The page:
Last Sunday I was scheduled to preach on Psalm 90 as a New Year themed sermon. Sadly, I was called away due to the death of my wonderful father-in-law (please keep us in your prayers, he will be greatly missed). Here is a smidgen of that sermon, which will stay safely tucked away until next year around New Year’s Day.
You return man to dust and say, “Return, O Children of man!” For a thousand years in your sight are but as yesterday when it is past, or as a watch in the night Psalm 90:3
So teach us to number our days that we may get a heart of wisdom Psalm 90:12
Let your work be shown to your servants, and your glorious power to their children. Let the favor of the Lord our God be upon us, and establish the work of our hands upon us; yes, establish the work of our hands. Psalm 90:16-17
Numbering our days in many ways is about using our time wisely. Back in the old days, the 1970’s when I was in grade school that was something we were graded on— “uses time wisely.” It seems to me that might be just as important as “gets along well with others” and “keeps hands to self.” The way we treat our time, with respect and with care, will often be reflected in the way we treat other people.
There is an African proverb I stumbled across once which says, “It is easier to add more life to your days than to add more days to your life.” The truth of this statement is obvious. None of us can know for sure when our 70 or 80 years are up, but we can certainly use the one day we know we have now for the purposes which we think are important.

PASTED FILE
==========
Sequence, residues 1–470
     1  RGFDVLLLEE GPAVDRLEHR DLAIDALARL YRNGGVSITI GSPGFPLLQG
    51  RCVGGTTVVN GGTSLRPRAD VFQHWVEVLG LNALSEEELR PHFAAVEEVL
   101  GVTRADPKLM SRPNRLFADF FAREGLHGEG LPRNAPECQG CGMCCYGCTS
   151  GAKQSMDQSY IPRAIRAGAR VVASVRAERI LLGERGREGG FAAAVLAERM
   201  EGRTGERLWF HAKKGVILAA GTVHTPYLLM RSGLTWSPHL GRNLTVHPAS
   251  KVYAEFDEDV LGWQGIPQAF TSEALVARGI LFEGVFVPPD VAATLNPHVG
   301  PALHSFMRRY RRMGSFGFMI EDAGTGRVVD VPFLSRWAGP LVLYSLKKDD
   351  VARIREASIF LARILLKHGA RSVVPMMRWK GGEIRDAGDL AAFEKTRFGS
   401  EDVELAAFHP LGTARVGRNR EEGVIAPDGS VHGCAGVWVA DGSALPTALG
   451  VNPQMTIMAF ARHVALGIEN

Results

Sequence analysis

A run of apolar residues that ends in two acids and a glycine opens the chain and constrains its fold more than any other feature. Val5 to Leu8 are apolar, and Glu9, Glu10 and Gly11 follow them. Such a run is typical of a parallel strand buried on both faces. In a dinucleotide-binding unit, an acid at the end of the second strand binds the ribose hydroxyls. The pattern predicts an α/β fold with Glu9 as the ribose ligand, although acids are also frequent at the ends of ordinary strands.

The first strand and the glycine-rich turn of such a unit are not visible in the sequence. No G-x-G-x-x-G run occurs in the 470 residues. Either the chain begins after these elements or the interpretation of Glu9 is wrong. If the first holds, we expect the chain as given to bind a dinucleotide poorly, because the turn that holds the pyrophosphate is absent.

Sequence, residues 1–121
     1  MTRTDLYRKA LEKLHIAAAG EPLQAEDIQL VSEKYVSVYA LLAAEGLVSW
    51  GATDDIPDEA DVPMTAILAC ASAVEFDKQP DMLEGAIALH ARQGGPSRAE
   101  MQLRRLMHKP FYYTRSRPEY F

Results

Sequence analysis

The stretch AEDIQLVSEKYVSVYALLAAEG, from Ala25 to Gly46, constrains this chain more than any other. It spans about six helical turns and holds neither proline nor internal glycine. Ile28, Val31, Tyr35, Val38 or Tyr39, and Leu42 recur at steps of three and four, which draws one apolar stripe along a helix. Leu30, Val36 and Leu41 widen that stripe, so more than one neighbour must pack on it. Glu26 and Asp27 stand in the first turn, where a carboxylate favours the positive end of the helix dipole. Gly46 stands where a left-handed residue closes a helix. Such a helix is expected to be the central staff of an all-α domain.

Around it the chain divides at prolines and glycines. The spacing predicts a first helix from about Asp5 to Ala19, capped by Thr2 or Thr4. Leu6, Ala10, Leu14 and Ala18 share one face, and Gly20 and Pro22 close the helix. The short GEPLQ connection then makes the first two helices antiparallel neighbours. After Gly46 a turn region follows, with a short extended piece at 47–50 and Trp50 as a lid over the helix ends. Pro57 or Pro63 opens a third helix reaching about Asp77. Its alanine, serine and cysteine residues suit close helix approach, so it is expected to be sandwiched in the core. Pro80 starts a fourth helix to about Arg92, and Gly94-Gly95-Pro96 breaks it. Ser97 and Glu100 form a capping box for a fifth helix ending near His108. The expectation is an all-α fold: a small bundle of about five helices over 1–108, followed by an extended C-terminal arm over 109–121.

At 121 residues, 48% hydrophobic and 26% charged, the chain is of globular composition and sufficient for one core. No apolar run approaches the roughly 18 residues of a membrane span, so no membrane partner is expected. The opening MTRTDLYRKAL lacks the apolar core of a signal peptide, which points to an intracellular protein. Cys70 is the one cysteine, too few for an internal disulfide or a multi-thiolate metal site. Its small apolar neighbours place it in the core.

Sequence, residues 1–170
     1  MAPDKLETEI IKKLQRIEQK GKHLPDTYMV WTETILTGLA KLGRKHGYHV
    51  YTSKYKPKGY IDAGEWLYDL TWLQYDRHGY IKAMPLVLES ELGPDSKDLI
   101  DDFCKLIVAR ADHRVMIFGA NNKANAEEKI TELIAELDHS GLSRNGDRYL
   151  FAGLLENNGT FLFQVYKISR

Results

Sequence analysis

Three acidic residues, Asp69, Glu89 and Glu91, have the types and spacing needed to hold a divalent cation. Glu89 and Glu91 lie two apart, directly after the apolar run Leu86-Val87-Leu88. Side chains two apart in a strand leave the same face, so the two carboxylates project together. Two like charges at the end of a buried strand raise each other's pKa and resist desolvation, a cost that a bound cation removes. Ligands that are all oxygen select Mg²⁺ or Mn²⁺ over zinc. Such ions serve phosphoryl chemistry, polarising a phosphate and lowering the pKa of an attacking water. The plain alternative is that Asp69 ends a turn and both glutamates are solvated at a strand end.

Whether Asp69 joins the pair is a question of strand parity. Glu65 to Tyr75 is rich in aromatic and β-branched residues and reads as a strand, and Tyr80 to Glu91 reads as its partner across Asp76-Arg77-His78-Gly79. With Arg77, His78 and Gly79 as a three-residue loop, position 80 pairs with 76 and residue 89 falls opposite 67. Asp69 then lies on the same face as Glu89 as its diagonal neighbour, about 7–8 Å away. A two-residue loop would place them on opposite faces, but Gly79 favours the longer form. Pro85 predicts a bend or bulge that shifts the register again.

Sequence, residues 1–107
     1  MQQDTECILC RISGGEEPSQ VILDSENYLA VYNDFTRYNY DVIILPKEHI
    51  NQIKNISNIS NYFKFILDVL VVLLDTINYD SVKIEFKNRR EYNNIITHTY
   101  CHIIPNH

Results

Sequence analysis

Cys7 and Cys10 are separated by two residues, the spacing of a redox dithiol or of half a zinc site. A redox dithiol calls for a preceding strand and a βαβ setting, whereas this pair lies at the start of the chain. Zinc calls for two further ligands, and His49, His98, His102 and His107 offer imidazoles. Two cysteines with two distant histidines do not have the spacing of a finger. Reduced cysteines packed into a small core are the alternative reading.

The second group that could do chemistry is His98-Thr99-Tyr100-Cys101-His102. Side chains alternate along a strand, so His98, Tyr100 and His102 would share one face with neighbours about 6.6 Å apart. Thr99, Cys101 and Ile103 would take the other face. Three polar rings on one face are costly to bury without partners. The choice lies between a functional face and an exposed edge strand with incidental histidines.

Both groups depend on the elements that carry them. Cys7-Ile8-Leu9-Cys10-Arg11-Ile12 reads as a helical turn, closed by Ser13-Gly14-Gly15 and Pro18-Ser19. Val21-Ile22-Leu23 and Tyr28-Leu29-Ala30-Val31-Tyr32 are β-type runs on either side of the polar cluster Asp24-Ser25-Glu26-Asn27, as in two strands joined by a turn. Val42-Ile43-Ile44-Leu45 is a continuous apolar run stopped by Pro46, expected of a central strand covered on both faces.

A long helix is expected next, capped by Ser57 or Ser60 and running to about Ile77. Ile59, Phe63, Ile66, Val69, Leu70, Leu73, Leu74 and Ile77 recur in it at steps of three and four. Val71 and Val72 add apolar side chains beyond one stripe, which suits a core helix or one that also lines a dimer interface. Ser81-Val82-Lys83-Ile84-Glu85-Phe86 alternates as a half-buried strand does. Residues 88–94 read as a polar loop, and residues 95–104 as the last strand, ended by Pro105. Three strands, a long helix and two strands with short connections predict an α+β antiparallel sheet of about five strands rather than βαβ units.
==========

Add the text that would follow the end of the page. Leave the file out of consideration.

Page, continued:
I think along the same lines the things which business gurus preach is true too. If we fail to plan, we are planning to fail. That might be why so many people feel spiritually defeated in their spiritual or family life. They have never planned the way their family functions or intentionally worked on spiritual things—they just let it happen. That kind of passive approach to our lives is flat-out foolishness. It is the opposite of numbering our days that we may gain a heart of wisdom; it is throwing our days away that we may gain an existence of futility.
If I asked you today to grade yourself on “uses time wisely” just like a second grade teacher, what would your final grade for the year 2010 be?
- D—Needs improvement
- F—Failed to grasp the concept altogether
Now, when your through grading yourself grade your family. If you are really brave, grade your church. What can you start counting (measuring) that could make 2011 better?